I am currently experiencing the thrills of having a 4 year old old grandson running around the house. This is an experience, which I have not had to deal with in over forty years since my sons were born. But the events of this past week make me stop and wonder what type of organizations or society are we leaving for him, as he grows older?
In working with clients I advocate that in order for continuous process improvement efforts to be successful, your organization needs to become one of total involvement of the entire organization. How do you do that when under the surface you are harboring ill will towards your fellow workers because of their religion, their race, their color or their sexual preferences? How do you do that when you feel perfectly comfortable with inflicting harm to your fellow workers because they dare to think and believe differently then you do?
As a former educator I have become convinced that back in the 1990’s this country made a grave error in judgment when in the name of a societal target we eliminated the teaching of civics. When we believed that the past two generations did not have any need to learn the lessons of the past. But now those lessons from the past are coming back to haunt us. The world is changing and we have no clear way to stop the change. We are entering a new world and we can’t and in many cases don’t want to try and reverse time back to the pre-civil rights act era. We don’t want to, despite the rhetoric coming out of certain factions in D.C. want to go back to telling citizens we don’t want their involvement in our organizations or societies. We don’t want to go back to the era where your health and safety are in danger because you assist someone to become a contributing member of society by registering to vote. You have present in your organizations a large group of human capital assets called millennials who won’t tolerate that thought line.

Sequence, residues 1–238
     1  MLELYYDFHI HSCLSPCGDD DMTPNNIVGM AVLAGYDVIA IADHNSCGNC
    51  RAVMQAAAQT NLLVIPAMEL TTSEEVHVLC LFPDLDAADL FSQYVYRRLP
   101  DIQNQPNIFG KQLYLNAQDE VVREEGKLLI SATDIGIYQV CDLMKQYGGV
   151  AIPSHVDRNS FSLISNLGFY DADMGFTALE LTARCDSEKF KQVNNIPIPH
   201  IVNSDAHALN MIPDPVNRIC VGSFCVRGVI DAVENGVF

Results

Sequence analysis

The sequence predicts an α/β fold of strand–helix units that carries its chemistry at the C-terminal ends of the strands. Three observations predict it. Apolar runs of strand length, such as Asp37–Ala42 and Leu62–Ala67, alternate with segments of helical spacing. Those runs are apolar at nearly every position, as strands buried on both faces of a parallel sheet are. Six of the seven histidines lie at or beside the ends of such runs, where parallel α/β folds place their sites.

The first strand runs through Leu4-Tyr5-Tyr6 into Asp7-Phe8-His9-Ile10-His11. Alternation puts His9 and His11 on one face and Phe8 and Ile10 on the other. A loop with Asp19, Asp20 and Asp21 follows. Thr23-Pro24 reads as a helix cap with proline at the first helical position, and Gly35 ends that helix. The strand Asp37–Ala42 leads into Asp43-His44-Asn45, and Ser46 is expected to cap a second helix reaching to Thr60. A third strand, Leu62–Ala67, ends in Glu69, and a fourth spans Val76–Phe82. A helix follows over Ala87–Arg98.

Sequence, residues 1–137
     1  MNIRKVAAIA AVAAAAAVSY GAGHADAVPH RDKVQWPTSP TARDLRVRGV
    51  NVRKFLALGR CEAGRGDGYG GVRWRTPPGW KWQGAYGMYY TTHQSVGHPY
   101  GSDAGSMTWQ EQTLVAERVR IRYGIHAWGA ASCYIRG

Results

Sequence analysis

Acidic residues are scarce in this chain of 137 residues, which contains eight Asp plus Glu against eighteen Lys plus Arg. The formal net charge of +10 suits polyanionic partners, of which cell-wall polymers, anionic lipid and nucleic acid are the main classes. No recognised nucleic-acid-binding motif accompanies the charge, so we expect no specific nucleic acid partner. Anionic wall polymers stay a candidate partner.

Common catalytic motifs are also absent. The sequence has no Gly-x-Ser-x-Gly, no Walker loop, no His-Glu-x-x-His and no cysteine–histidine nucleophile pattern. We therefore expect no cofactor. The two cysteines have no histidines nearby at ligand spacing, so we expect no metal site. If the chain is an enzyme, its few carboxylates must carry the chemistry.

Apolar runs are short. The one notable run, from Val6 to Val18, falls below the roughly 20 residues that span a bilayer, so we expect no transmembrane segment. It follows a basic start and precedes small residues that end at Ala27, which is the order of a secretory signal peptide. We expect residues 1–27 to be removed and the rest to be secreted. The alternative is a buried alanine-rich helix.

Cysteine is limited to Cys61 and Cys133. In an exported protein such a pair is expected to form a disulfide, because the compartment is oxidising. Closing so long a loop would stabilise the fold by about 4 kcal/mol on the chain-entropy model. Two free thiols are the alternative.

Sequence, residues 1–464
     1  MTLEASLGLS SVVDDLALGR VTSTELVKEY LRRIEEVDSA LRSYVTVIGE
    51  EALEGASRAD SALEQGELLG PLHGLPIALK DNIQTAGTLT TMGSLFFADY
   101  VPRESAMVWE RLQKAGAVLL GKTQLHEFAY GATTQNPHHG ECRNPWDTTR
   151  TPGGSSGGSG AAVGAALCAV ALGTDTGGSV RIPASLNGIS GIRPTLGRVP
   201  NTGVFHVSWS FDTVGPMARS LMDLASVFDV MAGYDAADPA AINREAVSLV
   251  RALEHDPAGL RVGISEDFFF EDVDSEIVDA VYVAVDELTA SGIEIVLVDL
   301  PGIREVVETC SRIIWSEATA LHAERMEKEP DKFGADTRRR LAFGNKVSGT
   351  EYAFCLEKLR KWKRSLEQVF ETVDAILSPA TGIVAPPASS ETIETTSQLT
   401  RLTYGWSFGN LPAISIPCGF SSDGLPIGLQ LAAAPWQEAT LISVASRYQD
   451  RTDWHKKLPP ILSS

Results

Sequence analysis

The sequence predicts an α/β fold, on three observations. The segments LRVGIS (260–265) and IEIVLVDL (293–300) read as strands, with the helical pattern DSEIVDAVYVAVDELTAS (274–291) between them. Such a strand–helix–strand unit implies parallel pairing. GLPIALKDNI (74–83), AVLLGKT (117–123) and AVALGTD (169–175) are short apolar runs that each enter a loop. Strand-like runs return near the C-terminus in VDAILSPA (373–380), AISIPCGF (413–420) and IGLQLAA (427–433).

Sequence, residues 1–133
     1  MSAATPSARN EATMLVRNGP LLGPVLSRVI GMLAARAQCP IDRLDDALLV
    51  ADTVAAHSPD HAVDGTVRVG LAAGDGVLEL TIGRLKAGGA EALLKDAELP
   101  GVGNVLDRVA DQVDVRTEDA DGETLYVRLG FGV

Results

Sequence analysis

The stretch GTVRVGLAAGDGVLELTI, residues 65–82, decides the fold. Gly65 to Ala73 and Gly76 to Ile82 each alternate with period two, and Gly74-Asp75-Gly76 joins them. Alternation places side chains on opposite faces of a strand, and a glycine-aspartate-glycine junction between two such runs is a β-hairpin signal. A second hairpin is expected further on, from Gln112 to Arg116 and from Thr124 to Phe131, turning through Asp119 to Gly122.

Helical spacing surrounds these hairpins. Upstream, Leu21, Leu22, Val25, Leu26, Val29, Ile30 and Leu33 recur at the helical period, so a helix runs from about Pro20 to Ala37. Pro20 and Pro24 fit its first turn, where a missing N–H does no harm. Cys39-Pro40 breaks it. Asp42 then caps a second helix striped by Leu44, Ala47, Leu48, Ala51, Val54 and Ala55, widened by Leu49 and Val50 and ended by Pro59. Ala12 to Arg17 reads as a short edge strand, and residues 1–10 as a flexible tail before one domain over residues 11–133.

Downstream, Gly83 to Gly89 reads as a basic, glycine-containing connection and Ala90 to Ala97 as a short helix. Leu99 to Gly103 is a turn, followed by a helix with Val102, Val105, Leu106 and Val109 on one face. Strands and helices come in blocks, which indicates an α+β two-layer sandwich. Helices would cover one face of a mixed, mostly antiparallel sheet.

At age 15 I wrote a letter to the local newspaper condemning Mayor Daly and his trained mob for the treatment of citizens choosing to demonstrate at the Chicago Democratic Political Convention. I worked on campaigns through the Goldwater era (I liked William Miller’s teen-age daughters better than Goldwater or his running mate). Went through school with a wide assortment of classes under the umbrella of Social Studies. We learned the fallout from the type of rhetoric we have seen over the past several days. We have seen the affects of leaders who proclaimed the virtues of having a homeland for a “pure civilization.”
The events in Minneapolis need to be an alarm going off in our heads and hearts that we are on a wrong course. It needs to be a sign we need to carefully review our hiring procedures to make sure we are encompassing, not exclusionary. Every day I receive notices of actions from the Equal Employment Opportunity Commission of organizations within this country that are trying to do just the opposite usually resulting in high financial risks to the organization It needs to be an alarm that our position as a great power in the world is in jeopardy. It is time that we change our modus operandi and recognizes the value of each and every person whether it is in our office, in our neighborhoods, or in our schools. We will succeed in our businesses and in our change initiatives as long as we recognize that every part of the organization has value. It is the value of the ideas that we bring forth that resolves organizational issues not the color of their skin, their religious beliefs or where they came from.
It is time that as Americans we tell the world we know that we are better than that. It is time we told the world that we recognize the value of human worth. It is time we told the world we have learned our lessons from the past when someone tried to create a “pure civilization.” We are only as good as the sum of our total parts. Each and everyone of us bring a vital part to the success of our civilization and our economies. It is time that we stop creating a de facto caste system in this country. It is time that we remember that snap judgements about people or ideas leads to disasters.